Horizontal Niching: My Strategy to Pick Topics That My Readers Will Like

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What should I write about?

Can I write about X on my blog when I already cover Y?

Will people read my poetry after 3 months of posting cooking recipes?

All very common questions coming from new bloggers that have recently tarted and are looking to branch out their writing. You see, when it comes to knowing what to write about you have different types of writers, each one with its own unique strategy and it’s very important to understand your expectations from the new topic before moving forward with the actual selection — there is a big difference if you’re just looking to write about X or if you also want people who already read you to care for those new articles.

The “I know exactly what I’m going to write about” type

They started their writing career because they had the need to write about a specific topic. So it’s easier for them to create articles.

The “I write about what I like” type

They don’t have a very defined strategy for picking topics. In places like Medium, they go with what they like because here they heard you don’t need to “niche down”. This is great unless you’re a Math grad who likes poetry and loves cleaning the kitchen. I mean, don’t get me wrong, you might be a great writer, but in a minute you’ll see what I mean.

The “I need to know the best topics to write about” type

They started blogging with a single mission in mind: making money. So they’re looking to make the most out of their effort. It doesn’t matter if the best topic to write about is dog’s lifestyle and they’re allergic to dogs, they’ll write about it as if their life depended on it.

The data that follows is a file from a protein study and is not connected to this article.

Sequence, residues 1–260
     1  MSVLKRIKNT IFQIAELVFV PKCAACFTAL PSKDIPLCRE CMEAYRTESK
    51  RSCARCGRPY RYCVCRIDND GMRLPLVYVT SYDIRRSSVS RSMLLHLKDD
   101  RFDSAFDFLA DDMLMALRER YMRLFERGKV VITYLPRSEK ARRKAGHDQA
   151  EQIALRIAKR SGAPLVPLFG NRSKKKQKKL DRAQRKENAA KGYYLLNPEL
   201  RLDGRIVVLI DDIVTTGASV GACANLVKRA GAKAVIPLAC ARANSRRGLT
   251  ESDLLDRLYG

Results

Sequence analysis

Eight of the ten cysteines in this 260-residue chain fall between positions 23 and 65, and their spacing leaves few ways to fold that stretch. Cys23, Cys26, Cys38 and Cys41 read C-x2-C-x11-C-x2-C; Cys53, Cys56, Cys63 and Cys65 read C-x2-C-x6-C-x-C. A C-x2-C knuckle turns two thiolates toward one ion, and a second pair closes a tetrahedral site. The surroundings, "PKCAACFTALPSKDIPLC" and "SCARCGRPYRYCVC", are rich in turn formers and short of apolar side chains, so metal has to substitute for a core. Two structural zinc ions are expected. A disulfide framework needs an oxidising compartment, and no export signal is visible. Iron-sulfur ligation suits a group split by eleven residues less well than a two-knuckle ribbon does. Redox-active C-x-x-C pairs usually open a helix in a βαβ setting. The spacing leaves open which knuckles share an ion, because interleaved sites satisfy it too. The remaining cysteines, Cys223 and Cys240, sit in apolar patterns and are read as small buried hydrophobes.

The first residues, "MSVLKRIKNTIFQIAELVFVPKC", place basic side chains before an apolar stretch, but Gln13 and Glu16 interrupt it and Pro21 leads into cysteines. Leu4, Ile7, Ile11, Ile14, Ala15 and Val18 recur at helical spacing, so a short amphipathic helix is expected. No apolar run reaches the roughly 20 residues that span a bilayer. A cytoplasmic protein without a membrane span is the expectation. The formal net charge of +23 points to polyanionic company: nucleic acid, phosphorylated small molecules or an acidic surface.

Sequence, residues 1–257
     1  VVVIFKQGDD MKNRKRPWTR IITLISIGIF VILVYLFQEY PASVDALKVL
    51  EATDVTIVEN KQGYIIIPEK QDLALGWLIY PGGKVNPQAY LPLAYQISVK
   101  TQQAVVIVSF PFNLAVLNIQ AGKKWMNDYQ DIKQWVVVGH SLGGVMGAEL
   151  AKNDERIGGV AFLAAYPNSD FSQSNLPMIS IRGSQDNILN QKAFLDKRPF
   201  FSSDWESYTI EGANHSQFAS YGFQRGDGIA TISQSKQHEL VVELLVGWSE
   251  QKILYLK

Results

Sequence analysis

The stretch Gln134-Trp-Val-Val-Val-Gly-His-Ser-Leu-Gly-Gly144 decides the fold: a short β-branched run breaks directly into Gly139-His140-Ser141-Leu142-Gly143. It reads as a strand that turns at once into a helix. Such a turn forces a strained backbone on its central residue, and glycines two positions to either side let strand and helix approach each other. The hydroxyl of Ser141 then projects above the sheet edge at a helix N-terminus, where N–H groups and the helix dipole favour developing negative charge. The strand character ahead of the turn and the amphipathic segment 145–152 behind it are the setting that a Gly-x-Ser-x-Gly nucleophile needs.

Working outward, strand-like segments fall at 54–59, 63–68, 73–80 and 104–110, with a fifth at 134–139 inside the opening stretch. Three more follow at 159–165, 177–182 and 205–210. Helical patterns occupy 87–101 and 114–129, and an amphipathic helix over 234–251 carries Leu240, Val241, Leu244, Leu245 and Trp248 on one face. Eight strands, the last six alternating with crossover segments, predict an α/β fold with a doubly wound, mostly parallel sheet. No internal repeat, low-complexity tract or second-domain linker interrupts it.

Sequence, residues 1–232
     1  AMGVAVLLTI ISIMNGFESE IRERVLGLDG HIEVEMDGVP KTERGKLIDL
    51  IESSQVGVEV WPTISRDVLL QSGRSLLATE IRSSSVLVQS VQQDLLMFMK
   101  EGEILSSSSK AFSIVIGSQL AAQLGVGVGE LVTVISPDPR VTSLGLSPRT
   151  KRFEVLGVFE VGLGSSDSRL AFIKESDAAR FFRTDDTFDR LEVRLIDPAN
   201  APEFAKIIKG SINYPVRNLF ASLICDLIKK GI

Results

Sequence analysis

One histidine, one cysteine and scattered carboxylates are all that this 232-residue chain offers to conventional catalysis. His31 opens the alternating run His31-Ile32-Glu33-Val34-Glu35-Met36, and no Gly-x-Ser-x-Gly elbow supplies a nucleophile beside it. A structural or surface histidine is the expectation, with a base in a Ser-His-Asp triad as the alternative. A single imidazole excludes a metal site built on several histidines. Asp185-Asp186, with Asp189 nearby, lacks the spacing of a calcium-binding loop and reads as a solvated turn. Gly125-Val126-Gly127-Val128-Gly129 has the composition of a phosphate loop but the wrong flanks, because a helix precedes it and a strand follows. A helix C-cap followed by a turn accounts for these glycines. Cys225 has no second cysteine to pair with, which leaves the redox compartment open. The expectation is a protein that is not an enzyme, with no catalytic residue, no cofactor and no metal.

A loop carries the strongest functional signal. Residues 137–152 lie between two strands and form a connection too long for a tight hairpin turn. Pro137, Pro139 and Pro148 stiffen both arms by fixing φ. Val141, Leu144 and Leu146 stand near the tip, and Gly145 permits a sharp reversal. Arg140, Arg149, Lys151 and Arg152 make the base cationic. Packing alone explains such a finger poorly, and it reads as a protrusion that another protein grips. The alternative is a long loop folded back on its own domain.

No matter what category you fall into, picking the next topic to write about is always a tough choice. How can you tell how successful will it be amongst your current readership?

Niching down: is it worth it?

Niching down means going with fewer topics than before. So instead of picking a new topic to write about, you ditch one (or more) and focus on a very specific audience.

The reasoning behind this is that whoever your audience is, no matter how small that group might be, they know they’ll find the best articles about that specific topic with you. They’ll see your name in a list of search results, and they’ll click it right away because they know you. That’s a great place to be.

The problem? There are two main issues with this strategy.

If you want to write about something else you need to do it somewhere else

If you have your own blog, you’ll have to create a different one. For instance, pretend you’re keeping a blog about cats for allergic cat owners and want to start talking about dogs as well. You’ll be serving a lot of content that your audience doesn’t want. They’re coming to your site searching for a very specific topic, the moment they start seeing something entirely different, they’ll go away.

Every time you start a new niche you start from scratch.